A record 58,514 oversize/overweight permits were issued in January, according to the Texas Department of Motor Vehicles. The previous one-month high was 57,139 permits in August. At the current pace, Texas could issue about 700,000 permits during the 2011-12 fiscal year that ends Aug. 31, a department spokesman said. Last year 590,980 oversize/overweight permits were issued to trucks – less than 1 percent of overall truck traffic in the state.Those permits generated $114 million for state coffers, to offset the cost of at least some wear and tear on the highways.
In August, Texas launched a Texas Permitting and Routing Optimization System (TxPROS) that allows haulers to secure permits around the clock. More than 60 percent of permits are now being issued by the self-serve, automated system, department spokesman Adam Shaivitz said. Permits may be on the rise because the new system is quick and easy for haulers to use, an official said -– and it gives them less motivation to cheat.
“There was a time when carriers might have waited several hours to get a permit, and for them time is money,” said Jean Beeman, manager of the department’s business services section. “If they felt they were waiting too long, they could possibly just go without it, and we would not know about it unless by happenstance they got stopped by police. Carriers can now go on at midnight and put in specifics for their load, get their permits right there and get their routes.”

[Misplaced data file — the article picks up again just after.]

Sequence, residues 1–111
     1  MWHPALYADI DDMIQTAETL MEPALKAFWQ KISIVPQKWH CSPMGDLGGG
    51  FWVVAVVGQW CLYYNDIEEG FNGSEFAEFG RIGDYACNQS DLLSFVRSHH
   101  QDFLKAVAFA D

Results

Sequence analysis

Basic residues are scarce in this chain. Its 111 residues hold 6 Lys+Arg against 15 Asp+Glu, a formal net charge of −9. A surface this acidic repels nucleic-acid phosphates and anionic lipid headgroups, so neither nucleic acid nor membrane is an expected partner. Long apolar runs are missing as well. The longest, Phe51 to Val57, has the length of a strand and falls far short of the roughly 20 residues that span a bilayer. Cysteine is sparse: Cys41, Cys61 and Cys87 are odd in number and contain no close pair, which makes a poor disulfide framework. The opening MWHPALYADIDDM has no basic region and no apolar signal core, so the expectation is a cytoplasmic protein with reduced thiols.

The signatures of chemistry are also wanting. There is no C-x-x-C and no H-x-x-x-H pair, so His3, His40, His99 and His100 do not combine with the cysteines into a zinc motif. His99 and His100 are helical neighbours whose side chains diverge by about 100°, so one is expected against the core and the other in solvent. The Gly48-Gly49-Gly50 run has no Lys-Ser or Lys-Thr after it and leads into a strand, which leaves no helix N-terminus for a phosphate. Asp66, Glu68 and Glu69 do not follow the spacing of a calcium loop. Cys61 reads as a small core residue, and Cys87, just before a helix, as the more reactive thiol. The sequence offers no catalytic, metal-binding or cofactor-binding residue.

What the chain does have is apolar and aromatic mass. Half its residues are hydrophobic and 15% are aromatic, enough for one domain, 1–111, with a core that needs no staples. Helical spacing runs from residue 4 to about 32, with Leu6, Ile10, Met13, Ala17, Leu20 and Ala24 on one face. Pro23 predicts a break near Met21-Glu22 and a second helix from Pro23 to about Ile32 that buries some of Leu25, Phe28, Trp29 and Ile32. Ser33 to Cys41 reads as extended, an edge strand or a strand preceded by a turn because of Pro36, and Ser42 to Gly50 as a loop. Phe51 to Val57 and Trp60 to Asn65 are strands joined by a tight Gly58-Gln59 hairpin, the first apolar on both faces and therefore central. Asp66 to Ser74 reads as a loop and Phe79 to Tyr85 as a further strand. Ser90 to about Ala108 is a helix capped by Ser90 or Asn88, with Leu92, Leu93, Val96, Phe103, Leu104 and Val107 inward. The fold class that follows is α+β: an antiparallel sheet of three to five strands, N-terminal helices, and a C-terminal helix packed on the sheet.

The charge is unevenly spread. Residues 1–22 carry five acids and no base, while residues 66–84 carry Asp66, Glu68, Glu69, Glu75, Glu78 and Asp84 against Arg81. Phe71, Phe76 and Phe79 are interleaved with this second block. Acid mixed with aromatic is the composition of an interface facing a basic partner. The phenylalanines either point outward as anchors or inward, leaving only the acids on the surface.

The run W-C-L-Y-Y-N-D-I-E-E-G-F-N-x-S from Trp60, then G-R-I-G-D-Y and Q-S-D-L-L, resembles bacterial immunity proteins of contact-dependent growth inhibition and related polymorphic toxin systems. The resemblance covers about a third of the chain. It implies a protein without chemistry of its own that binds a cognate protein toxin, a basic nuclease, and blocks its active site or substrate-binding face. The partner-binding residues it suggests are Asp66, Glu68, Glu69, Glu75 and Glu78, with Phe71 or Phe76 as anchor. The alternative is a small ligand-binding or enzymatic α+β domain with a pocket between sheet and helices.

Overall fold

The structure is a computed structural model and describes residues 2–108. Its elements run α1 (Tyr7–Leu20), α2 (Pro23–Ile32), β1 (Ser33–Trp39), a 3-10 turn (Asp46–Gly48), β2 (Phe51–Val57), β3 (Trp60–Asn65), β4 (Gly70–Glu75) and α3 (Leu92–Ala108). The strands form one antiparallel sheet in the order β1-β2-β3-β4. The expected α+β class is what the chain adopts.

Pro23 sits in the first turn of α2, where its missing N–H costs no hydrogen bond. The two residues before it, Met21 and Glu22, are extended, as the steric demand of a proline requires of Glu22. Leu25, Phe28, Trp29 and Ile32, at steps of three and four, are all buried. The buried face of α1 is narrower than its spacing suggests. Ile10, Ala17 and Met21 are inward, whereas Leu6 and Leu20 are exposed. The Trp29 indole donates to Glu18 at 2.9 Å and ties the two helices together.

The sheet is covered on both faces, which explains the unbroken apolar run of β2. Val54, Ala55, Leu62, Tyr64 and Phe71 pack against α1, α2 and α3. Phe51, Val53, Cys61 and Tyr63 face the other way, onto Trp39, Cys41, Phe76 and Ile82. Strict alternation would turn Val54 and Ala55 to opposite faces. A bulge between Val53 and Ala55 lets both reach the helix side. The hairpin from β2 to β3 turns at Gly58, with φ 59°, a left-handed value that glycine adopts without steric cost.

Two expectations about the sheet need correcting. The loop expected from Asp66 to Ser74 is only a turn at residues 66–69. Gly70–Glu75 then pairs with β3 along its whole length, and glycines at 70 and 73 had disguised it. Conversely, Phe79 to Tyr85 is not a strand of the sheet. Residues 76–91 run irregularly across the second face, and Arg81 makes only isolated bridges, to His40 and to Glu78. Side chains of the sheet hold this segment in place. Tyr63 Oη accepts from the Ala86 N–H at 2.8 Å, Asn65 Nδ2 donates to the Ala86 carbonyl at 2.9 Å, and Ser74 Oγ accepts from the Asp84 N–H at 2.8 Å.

In addition to raising revenue, permits aim to steer haulers around weight-restricted bridges, overpasses with a low clearance or other road features that could be damaged by an oversize or overweight load.
Permits are generally required for trucks carrying more than 80,000 pounds in Texas and many other states, although some members of Congress would like to increase that threshold to 97,000 pounds. About 200 companies have banded together to form the Coalition for Transportation Productivity, which argues that shipping heavier loads can be done safely while also helping companies save shipping costs, and also ultimately keep a lid on the cost of goods.
But critics of the proposal, known as the Safe and Efficient Transportation Act, say heavier trucks could speed up the already-fast rate at which the nation’s roads and bridges are crumbling.
In the Fort Worth area, 29 bridges had poor scores on their most recent inspections, a Star-Telegram review of the National Bridge Inventory earlier this year concluded. Nearly five years after a Minneapolis bridge collapse killed 13 people and injured 145, bridge conditions are arguably worse.